From new teaching strategies to innovative equipment, STEM is positioned for growth. What does this mean for the next generation of engineers?
The need for additional applicants in STEM fields continues to rise, and students who begin these studies earlier are better equipped to fulfill these roles. From programming robots to working with satellites and remote vehicles, students are more interested than ever in STEM programs, which offer more real-world experience and interactivity than more traditional methods of education.
And, as companies and researchers collaborate to meet the unique needs of STEM in the classroom, teachers are getting onboard, too.
Image from Pixabay.
A Better Kind of STEM in Schools
The National Science Foundation, the University of Georgia College of Engineering, and the UGA College of Education recently funded a $2.1 million study that seeks to develop a model course for elementary school teachers interested in broadening STEM in their classroom, eventually lessening the gender gap that exists in engineering.
Tim Foutz, who is a professor in the College of Engineering’s School of Environmental, Civil, Agricultural and Mechanical Engineering and principal researcher in the study said, “There are numerous articles that provide evidence that coding skills are needed in virtually any career that a young student may later choose to pursue. The project is focused on learning to construct and critique arguments, an essential foundational skill for decision-making.”
Image courtesy of the University of Georgia.
The project is set to last three years and is called Collective Argumentation Learning and Coding or CALC. It integrates coding and robotics into existing methods of teaching students, making it relatively easy to integrate. Roger Hill, who is a professor in the College of Education’s department of career and information studies and a project researcher, believes the STEM has an important place in the classroom. “There are many different kinds of scientific and mathematic principles that might be incorporated into one of these lessons. We pick and choose depending on what we need to teach and one of the strategies has been to have teachers identify areas where they have struggled in the past,” he said.
The research team will also provide coaching to teachers involved in the program and provide assessments that analyze both student and teacher performance designed to improve the program over time.
Hill believes their approach is different because it is more integrated. “Our traditional approach to instruction is not only elementary school, but at all different levels, tends to be split into silos. With this study, we don’t do that. It’s all mushed together kind of like real life because it’s contextualized,” he says. The program is largely focused on real-world experience.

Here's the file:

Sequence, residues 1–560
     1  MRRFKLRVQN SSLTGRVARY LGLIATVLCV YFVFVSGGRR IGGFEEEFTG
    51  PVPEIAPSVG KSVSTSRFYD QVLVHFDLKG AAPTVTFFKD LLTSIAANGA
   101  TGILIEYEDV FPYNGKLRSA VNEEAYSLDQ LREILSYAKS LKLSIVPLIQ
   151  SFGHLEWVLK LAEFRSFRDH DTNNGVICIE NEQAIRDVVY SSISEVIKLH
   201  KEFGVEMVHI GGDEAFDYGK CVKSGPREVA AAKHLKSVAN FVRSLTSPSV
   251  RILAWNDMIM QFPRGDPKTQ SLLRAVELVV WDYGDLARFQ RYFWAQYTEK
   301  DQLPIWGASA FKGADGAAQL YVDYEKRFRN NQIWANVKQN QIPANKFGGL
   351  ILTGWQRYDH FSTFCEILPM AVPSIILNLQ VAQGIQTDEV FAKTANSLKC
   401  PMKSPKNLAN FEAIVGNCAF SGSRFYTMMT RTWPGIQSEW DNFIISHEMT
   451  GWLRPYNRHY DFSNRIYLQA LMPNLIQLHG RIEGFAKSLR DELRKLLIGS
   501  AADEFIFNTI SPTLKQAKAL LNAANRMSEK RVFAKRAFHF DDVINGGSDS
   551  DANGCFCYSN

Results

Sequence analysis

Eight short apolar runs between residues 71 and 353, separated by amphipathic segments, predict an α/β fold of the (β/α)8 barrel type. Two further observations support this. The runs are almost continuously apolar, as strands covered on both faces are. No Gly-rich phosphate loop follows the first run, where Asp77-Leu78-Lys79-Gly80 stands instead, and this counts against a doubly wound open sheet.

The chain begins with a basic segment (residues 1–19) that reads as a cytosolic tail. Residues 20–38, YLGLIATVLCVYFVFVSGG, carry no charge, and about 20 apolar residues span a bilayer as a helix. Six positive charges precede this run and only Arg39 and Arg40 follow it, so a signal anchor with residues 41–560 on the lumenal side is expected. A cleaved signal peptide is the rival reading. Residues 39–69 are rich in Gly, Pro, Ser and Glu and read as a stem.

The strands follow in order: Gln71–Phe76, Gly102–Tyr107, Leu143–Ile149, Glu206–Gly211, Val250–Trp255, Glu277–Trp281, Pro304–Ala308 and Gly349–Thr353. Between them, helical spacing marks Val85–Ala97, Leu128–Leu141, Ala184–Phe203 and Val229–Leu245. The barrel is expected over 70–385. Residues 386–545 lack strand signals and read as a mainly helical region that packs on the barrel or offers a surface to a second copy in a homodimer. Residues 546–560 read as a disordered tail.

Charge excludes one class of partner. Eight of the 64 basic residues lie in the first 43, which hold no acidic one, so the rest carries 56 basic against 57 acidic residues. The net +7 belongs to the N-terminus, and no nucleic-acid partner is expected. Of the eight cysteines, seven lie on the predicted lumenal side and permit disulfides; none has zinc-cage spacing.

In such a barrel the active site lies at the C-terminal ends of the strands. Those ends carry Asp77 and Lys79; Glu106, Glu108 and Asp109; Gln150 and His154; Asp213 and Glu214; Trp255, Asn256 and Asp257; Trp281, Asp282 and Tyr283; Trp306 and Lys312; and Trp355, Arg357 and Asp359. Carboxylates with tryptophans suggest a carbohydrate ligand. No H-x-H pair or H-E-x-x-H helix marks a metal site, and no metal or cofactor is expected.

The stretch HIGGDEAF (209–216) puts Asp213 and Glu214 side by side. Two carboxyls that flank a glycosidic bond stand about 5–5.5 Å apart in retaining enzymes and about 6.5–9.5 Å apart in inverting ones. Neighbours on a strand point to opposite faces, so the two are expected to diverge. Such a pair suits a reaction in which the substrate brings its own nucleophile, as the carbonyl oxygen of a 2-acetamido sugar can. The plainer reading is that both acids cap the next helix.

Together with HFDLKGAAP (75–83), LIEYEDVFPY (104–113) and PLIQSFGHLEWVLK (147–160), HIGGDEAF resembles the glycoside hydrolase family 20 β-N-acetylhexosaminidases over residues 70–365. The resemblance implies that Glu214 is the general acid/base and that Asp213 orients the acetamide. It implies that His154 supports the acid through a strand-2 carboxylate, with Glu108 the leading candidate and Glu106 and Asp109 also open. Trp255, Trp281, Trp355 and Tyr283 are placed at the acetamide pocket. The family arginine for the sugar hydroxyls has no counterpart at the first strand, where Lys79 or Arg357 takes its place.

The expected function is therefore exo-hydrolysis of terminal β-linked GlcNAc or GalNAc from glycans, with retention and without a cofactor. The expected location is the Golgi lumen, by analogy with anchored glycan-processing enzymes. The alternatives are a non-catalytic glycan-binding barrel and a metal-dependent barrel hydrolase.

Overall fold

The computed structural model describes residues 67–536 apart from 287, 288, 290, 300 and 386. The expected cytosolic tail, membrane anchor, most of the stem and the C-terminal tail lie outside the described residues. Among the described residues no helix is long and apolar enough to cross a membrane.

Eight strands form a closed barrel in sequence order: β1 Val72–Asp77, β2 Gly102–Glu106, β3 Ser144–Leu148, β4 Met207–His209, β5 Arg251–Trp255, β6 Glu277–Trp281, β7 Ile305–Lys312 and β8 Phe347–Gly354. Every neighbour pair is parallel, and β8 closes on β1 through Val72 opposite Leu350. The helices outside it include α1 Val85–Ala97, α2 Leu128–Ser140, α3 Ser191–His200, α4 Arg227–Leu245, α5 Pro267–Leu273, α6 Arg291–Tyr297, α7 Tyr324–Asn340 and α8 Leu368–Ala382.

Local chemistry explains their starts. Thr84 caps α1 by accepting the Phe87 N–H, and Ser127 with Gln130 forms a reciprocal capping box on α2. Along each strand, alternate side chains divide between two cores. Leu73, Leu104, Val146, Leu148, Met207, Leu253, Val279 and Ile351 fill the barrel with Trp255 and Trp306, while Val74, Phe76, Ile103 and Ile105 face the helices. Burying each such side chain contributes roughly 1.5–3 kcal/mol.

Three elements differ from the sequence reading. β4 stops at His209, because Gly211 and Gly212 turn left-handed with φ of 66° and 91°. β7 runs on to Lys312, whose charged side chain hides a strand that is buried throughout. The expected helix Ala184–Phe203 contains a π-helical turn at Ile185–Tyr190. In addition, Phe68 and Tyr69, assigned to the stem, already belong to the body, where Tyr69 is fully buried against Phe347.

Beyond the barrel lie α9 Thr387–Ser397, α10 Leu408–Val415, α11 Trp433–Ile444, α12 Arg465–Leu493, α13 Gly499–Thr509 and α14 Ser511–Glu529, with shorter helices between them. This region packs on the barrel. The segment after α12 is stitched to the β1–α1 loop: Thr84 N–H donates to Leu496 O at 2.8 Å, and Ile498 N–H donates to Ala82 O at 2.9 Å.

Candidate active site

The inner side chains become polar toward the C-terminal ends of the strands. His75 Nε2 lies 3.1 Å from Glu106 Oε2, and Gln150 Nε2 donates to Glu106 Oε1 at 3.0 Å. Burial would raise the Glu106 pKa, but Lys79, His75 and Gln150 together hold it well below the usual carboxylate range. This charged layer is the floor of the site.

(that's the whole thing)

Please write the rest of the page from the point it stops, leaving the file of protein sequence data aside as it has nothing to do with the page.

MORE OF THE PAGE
“One thing we are hoping is that helping students to make arguments in their coding rather than relying on trial and error will decrease their frustration with coding and increase their connections to mathematics and science, as they will use similar methods and vocabulary across the subjects. Also, exposing students to coding and robotics at an early age will hopefully spark an interest in these and other STEM areas of study,” says AnnaMarie Conner, an associate professor in the department of mathematics and science education.
The researchers hope that the outcomes of the study inform computer science, mathematics and science education on the potential positives of an augmentation-based approach to STEM, incorporating existing teaching practices with a STEM+C program.
Programs that seek to work with teachers are typically easier to implement—but what about equipment?
A Fresh (Robotics) Take on the Graphing Calculator
Texas Instruments recently announced the TI-Innovator Rover, a robotics solutions designed specifically for middle and high school students interested in an interactive STEM experience. Using a TI graphing calculator, students can write programs that control Rover.
Image courtesy of TI.
Rover is designed so that even students with little to no experience can begin writing basic programs that make the robot dance, crash, or draw. “We created Rover to demystify robotics and give students who might be intimidated by programming an easy on-ramp to learn to code. Given the sheer joy we have seen on students’ faces as they learned to code during our testing phase, we are excited to see how Rover will inspire more young minds through an introduction to robotics,” says Peter Balyta, president of TI Education Technology.
Rover is designed specifically for use in a classroom, and is rechargeable, has a color sensor, distance sensor, LED display, gyroscope and marker holder to trace on paper. The robot is expected to be available for purchase throughout the United States and Canada in late fall and throughout Europe in 2018.
In a test group consisting of students from Girls, Inc. in Metropolitan Dallas, students noted that they really liked how visual, interactive, and interesting Rover was, which is a common reaction to increased STEM in the classroom.
Initiatives and methods like these are relatively unique to this upcoming generation of engineers. To an extent, this is a continuation of the evolution that is constantly occurring in classrooms around the globe, including engineering classrooms. But the existence and especially the widespread availability of more complex electronics than even 10 years ago means that the education kids are receiving today is markedly different than any received before.
The result will doubtlessly be that these children will have more opportunities to experiment with and eventually design and pioneer new technologies. Does that mean that they’re more advanced overall? How do these new techniques and concepts compare to what you were exposed to in your own education? Share your experiences in the comments below.